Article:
John R. Quinn

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His Excellency, The Most Reverend
John Raphael Quinn
Archbishop Emeritus of San Francisco
Church Roman Catholic Church
See San Francisco
Appointed February 16, 1977
Installed April 26, 1977
Term ended December 27, 1995
Predecessor Joseph T. McGucken
Successor William Levada
Orders
Ordination December 23, 1953
Consecration October 21, 1967
Personal details
Born (1929-03-28) March 28, 1929 (age 87)
Riverside, California, United States
Nationality American
Previous post
Styles of
John Raphael Quinn
Mitre (plain).svg
Reference style The Most Reverend
Spoken style Your Excellency
Religious style Monsignor
Posthumous style not applicable

John Raphael Quinn (born March 28, 1929) is a Roman Catholic bishop, who is the Archbishop Emeritus of the Archdiocese of San Francisco; he served as the archdiocese's sixth archbishop from 1977 to 1995. Archbishop Quinn also served as Archbishop of Oklahoma City from 1971 to 1977 and the president of the United States Catholic Conference and National Conference of Catholic Bishops from 1977 to 1980.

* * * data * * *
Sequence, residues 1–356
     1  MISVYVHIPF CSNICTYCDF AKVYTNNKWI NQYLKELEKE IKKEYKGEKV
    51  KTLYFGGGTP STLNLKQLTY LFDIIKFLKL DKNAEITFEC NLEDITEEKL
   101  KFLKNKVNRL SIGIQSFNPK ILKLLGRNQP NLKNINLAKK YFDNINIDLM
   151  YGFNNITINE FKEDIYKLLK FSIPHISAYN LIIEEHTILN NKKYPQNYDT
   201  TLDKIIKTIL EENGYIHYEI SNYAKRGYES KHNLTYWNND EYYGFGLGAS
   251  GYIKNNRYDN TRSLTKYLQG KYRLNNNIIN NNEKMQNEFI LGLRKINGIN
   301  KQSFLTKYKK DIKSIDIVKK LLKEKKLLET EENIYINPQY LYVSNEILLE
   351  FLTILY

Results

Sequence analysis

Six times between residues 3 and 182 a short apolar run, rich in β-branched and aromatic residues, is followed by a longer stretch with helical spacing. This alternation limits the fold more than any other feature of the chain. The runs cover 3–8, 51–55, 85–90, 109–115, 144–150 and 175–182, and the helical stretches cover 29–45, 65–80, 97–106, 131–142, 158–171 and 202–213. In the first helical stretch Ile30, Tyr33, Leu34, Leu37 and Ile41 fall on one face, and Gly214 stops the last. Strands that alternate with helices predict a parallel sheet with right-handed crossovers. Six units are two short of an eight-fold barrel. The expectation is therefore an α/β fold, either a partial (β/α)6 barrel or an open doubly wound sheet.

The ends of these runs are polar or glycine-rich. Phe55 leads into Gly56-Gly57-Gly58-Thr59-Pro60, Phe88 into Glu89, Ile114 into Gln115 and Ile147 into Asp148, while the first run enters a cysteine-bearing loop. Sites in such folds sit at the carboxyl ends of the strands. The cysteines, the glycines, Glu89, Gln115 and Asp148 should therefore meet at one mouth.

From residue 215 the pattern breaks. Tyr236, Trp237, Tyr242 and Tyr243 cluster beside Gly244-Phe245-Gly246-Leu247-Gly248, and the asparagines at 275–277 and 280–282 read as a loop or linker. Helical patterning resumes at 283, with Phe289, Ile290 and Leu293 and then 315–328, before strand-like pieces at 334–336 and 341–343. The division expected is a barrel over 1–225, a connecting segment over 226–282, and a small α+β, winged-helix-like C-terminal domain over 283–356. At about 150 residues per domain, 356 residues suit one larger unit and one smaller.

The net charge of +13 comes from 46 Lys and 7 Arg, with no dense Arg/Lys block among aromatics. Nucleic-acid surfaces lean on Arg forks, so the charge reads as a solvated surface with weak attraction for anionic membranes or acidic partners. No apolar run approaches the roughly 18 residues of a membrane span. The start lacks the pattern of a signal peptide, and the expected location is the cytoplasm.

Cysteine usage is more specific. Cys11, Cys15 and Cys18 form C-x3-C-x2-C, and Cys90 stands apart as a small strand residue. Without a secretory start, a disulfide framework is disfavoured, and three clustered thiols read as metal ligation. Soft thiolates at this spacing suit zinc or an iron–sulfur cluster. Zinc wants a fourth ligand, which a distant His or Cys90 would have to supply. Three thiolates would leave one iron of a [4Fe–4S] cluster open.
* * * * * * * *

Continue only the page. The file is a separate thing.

Early life and ordination[edit]

Quinn was born in Riverside, California, and was ordained to the priesthood for the Diocese of San Diego on July 19, 1953. He was named by Pope Paul VI, auxiliary bishop for San Diego and titular bishop of Thisiduo on October 21, 1967, and consecrated December 12.[1] In these early years of his episcopal ministry he began to write for the prestigious America magazine. The magazine maintains a selection of his diverse writings online.[2]

Bishop[edit]

On November 17, 1971, he was appointed Bishop of Oklahoma City-Tulsa. When the diocese was split to form the Archdiocese of Oklahoma City and the Diocese of Tulsa on December 13, 1972, Quinn became the first Archbishop of Oklahoma City The Archdiocese remembers that "he revealed his priorities by his actions: emphasis on priestly vocations, desire for better pastoral care of Spanish-speaking Catholics, re-establishment of a Catholic newspaper, appointment of a full-time youth director, and a reorganization of Catholic charities." [3]

The now Archbishop Quinn was emerging in this period as an important, thoughtful voice in the American Church and was personally appointed by Pope Paul VI to participate in the 1974 World Synod of Bishops. It came as little surprise that when the Archdiocese of San Francisco fell vacant, Quinn would be appointed back to this leadership role in his native state of California.